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Die Jim Crow Records Releases New Music From Hip-Hop Artist Wrongfully Convicted And Imprisoned For 25 Years

Die Jim Crow Records, the first record company to work exclusively with musicians impacted by the United States prison system, has collaborated with another formerly incarcerated artist named EL BENTLY 448.

Wrongfully convicted, EL BENTLY 448, who is also known as Leon Benson, spent 25 years in an Indiana prison. Ten of those years were spent in solitary confinement. He was released on March 8, 2023, after he was exonerated.

Shadowproof is honored to debut “Innocent,” a hip-hop track from Leon’s forthcoming EP that will be available on June 26. (Another track, “Mugabe,” was shared on April 26.)

Leon told Shadowproof, “I was innocent, but I wasn’t an innocent person.” He recorded the track to explore this idea of being innocent, but born guilty.

“You’re innocent born guilty if you’re born a different gender than somebody, if you’re born to a particular racial group, if you’re born in a particular time, in a particular location, in a particular economic status, or under a particular religion or culture,” Leon described.

Leon added, “If you look at it, nobody had a choice of coming to the world. So when you come into the world, we are already made guilty by the powers that be in our life.”

The lyrics for the track are autobiographical in the first verse. The second verse questions those who may believe that they are somehow more innocent than anyone who has been incarcerated.

Leon wrote the track in 2012 while he was in solitary confinement. He hoped the track would help him bring awareness to his case so that he could be exonerated.

As Leon recalled, he took that solitary cell that was meant for sensory deprivation, a “torture chamber,” and he transformed it into “a university, a place that I had to heal, learn, [and] grow.”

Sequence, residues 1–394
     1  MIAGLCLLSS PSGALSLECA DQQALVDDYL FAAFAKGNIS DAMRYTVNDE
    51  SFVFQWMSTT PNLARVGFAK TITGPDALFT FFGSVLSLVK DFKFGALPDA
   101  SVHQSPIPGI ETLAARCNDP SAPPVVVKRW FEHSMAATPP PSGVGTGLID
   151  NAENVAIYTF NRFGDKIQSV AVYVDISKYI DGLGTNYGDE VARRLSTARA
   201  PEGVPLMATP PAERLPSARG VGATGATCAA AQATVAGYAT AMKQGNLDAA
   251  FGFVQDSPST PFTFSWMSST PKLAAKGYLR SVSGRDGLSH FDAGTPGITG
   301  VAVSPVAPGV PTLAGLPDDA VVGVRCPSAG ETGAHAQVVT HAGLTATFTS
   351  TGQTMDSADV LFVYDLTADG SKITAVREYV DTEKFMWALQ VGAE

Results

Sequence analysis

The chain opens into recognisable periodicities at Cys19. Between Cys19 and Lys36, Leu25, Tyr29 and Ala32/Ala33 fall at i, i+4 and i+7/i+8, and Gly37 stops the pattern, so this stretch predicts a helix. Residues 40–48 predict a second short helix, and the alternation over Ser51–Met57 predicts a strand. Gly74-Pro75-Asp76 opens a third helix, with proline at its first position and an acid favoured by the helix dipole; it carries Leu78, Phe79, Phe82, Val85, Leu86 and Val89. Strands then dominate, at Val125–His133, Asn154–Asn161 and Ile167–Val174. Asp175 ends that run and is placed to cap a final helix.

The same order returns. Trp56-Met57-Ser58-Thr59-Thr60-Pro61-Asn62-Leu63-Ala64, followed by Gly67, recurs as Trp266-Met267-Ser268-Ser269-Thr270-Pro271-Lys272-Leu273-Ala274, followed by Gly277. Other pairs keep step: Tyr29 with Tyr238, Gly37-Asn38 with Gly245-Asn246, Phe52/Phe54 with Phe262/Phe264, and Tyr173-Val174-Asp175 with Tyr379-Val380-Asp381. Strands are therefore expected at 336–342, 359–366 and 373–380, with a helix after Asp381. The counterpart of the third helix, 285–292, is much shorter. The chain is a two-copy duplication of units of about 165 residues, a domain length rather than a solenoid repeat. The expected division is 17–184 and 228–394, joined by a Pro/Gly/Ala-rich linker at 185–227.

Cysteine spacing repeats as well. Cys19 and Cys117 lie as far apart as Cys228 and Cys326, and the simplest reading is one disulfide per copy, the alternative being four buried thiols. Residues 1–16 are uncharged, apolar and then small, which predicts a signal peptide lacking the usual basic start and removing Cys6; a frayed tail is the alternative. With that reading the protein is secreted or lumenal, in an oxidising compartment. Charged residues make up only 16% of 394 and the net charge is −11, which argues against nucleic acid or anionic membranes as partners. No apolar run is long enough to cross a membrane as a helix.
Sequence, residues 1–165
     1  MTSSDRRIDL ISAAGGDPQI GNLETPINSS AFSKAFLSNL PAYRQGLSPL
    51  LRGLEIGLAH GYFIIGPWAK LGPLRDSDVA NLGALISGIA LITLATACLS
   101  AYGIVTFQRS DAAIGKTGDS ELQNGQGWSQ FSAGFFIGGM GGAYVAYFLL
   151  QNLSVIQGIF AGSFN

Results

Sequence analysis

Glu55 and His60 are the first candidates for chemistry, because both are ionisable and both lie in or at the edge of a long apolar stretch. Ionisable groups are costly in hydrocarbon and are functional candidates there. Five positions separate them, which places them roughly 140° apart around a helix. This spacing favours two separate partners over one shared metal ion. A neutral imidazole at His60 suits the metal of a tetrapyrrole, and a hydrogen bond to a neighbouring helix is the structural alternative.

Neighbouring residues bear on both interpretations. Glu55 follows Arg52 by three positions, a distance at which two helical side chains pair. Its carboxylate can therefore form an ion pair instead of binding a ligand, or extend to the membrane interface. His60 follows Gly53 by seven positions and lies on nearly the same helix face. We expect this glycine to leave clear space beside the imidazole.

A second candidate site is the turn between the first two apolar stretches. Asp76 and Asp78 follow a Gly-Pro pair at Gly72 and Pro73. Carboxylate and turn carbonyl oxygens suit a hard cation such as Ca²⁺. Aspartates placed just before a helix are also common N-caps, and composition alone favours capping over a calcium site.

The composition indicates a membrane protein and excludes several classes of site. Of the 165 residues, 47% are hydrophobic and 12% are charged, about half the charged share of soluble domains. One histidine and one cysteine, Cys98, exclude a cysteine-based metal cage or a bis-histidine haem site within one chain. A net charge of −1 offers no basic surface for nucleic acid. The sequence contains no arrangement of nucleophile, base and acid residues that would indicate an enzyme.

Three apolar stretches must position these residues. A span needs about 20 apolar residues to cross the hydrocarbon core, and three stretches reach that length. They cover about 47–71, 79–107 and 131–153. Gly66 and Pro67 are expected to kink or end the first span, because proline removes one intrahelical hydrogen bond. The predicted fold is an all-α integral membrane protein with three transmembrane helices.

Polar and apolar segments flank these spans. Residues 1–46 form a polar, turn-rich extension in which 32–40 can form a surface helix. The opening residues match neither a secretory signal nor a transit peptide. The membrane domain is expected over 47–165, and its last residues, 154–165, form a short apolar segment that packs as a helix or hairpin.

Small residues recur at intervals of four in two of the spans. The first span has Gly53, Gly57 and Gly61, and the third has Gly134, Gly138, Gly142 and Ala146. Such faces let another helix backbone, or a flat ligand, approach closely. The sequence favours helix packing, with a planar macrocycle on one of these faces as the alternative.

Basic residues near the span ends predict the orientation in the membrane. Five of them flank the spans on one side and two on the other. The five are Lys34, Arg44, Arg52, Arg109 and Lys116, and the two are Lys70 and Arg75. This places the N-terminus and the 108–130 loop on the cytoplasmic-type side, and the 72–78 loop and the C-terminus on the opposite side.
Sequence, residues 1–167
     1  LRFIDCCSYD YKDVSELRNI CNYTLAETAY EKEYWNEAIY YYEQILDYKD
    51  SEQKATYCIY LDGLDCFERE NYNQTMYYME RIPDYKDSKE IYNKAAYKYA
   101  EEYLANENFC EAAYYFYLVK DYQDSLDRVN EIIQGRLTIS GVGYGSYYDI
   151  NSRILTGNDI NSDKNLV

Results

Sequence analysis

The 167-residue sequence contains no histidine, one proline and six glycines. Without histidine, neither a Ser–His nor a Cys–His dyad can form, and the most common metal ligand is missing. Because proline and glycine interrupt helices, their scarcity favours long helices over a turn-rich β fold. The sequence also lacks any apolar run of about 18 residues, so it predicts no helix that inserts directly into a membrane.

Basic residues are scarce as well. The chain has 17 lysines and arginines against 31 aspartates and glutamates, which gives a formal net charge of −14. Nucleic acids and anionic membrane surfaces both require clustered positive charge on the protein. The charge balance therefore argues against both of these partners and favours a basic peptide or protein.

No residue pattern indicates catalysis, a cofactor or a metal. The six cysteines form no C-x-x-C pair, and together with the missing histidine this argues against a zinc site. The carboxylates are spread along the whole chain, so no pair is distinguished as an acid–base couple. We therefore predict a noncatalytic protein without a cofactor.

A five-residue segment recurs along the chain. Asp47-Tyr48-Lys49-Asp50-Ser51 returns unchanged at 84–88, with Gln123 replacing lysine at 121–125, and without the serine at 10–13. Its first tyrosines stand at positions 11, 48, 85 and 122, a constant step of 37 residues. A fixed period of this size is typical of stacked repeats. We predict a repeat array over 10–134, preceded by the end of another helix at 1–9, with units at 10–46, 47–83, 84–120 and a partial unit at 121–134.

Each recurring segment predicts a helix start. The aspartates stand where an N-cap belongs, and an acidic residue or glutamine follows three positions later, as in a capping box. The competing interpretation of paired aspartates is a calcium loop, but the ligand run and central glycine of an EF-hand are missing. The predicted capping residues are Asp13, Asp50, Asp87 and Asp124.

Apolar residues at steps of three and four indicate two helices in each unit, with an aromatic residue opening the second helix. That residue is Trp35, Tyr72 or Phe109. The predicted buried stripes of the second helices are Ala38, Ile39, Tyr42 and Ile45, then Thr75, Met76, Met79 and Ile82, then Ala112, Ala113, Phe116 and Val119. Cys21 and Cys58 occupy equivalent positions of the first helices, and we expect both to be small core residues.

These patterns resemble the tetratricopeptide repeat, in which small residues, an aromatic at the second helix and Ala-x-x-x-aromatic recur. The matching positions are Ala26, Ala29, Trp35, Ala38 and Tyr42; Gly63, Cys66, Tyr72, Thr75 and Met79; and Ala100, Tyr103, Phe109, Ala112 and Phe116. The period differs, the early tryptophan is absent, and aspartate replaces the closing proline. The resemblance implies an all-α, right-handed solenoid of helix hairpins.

“That’s where I got over a lot of anger because it was a place that I knew was meant for me to smother in, and even go crazy,” Leon shared.

Fury Young founded Die Jim Crow in 2013. In 2014, Fury connected with Leon after an activist named Zulay Velasquez shared an announcement on the Facebook group for the Innocence Network that indicated Die Jim Crow was looking for artists. 

“I’d never heard from someone in prison directly before (via cell phone) so we had a long uninterrupted conversation a couple hours later,” Fury shared. “We instantly hit it off, bonding about certain philosophy shit and world history. Then we continued to build!” 

The Indiana Department of Corrections denied Die Jim Crow access to record music with Leon at least twice. So Leon found a way that he could record without them while he was in prison.

For incarcerated musicians like Leon, making music is a form of “healing justice.” It is “music therapy.” Leon contended that allowing prisoners to “voice their particular experience” while locked up is a very powerful way of dealing with trauma. It can be a means of seeking rehabilitation before returning to society. 

Leon grew up primarily in the area around Flint, Michigan. He was inspired by local music like the Dayton Family, Top Authority, and MC Breed. “They made the dream look really big. This is what made me try to put my voice on tracks” when he was about 13 years-old.

“I used two radios,” Leon recalled. “One radio to record, one with the beat playing, and that’s how I used to make my first mixtapes.”

The name EL BENTLY 448 is an amalgamation of El, bent, and -ly. Together, to Leon, they mean “becoming God in the nature of determination and talent.” What 448 refers to is numerology. Leon said it means “completion.” The number can represent the trust that one should have in their instincts and abilities to survive.

“I’m a person who grew up in urban America. I used to be in the drug trade so it’s a lot of stuff that comes with LB 448,” Leon also shared

According to Die Jim Crow, Leon’s song reflects the record label’s goal of dismantling stereotypes around race and prison. His lyrics deal with the injustice of wrongful conviction as well as the “emotional trauma that comes along with it.”

“But even more so EL BENTLY 448 himself is an incredibly unique person,” the label added. “He spearheaded the fight for his freedom relentlessly until his dream of being a free man was achieved. It is an honor for us to provide our platform to him.”

Listen to EL BENTLY 448’s “Innocent” from Die Jim Crow Records

Kevin Gosztola

Kevin Gosztola

Kevin Gosztola is managing editor of Shadowproof. He also produces and co-hosts the weekly podcast, "Unauthorized Disclosure."